I’m wondering if those who have a firmly established political point of view, who wish to debate the accuracy of McNamara’s war revelations, or lack thereof, aren’t in fact missing the point of Errol Morris’s film The Fog of War, including the views of “two star” Reader critic Jonathan Rosenbaum [January 23]. What’s remarkable about this film isn’t that it reveals new truths about the war; instead it reveals the difficult nature of deciphering the truth through all the veils of personal posturing, lies, denials, rationalizations, egos, etc, even by the most brilliant and rational of men, represented by those indecipherable figures and charts that go whizzing by the screen. What was most revealing in this film was that McNamara was still haunted by his human failings. He struck me as a flawed, deeply conflicted human being, pridefully unapologetic, agonizing over the very essence of what are human limitations. It was clear to me that these were stunning admissions, perhaps unique in all of cinema, for a historical figure to recollect before a camera, as if describing their memoirs, their own firsthand involvement in shaping the history of the 20th cen-tury. I believe they are unprecedented in their personal, historical detail, as well as their intellectual and philoso-phical inquisitiveness, ultimately exploring the morality of human nature, which McNamara quickly concludes is not likely to change anytime soon. I found it to be one of the most emotionally compelling films I’ve seen in years.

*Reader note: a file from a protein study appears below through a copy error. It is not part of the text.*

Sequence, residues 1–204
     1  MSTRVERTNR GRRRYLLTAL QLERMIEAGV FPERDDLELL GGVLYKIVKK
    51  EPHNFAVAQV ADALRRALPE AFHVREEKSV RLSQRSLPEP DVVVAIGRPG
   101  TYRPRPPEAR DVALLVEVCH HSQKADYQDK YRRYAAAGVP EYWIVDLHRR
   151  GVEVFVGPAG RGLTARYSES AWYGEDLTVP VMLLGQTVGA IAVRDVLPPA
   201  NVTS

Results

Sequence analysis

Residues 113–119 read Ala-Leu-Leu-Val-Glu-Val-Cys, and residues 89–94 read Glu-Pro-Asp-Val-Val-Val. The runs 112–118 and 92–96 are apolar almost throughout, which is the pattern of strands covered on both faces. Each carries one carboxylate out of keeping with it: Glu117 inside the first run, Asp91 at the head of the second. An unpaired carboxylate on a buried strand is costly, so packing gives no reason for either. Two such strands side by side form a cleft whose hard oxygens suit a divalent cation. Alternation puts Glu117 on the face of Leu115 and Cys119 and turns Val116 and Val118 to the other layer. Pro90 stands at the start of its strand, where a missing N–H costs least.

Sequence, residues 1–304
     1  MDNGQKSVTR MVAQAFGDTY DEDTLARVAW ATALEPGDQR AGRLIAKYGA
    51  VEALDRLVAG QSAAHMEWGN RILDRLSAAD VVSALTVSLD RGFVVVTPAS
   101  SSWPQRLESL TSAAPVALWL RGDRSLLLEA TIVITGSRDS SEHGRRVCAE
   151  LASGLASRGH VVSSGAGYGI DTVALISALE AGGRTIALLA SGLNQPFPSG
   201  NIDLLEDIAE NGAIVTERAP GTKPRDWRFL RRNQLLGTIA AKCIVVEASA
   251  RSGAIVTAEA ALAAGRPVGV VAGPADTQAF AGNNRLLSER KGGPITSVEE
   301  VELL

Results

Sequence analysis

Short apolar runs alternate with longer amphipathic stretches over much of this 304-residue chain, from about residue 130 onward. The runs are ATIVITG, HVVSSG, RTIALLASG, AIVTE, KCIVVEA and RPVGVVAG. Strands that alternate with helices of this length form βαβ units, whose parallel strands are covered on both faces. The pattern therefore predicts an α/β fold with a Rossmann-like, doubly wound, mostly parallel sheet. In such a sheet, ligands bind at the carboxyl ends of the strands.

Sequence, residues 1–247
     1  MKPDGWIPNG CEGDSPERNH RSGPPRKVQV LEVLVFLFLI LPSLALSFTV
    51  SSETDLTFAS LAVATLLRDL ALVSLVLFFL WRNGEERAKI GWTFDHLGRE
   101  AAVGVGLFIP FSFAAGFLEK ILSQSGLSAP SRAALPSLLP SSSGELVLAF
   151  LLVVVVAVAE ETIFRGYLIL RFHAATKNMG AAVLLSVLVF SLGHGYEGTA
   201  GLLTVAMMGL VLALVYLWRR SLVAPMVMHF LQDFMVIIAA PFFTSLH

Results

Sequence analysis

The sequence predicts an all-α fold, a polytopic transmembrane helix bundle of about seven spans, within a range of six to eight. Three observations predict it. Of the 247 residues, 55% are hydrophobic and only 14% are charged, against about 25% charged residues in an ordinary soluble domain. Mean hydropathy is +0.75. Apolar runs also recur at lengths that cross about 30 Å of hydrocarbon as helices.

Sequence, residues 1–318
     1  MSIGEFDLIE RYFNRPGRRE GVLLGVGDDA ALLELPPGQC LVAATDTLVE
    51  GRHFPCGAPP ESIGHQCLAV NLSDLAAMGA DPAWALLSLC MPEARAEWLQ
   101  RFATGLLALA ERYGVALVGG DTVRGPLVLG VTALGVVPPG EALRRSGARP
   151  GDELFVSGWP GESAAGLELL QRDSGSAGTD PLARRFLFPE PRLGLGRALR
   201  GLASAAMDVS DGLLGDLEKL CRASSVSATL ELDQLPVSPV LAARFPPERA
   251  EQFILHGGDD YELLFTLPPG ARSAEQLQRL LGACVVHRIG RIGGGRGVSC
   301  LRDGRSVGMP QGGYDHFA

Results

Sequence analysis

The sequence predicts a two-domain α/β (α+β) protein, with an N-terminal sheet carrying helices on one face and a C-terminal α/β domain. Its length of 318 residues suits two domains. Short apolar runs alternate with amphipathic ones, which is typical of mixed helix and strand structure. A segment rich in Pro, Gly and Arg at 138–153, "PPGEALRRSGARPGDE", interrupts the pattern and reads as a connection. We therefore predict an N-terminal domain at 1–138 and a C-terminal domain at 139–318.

Robert Kennedy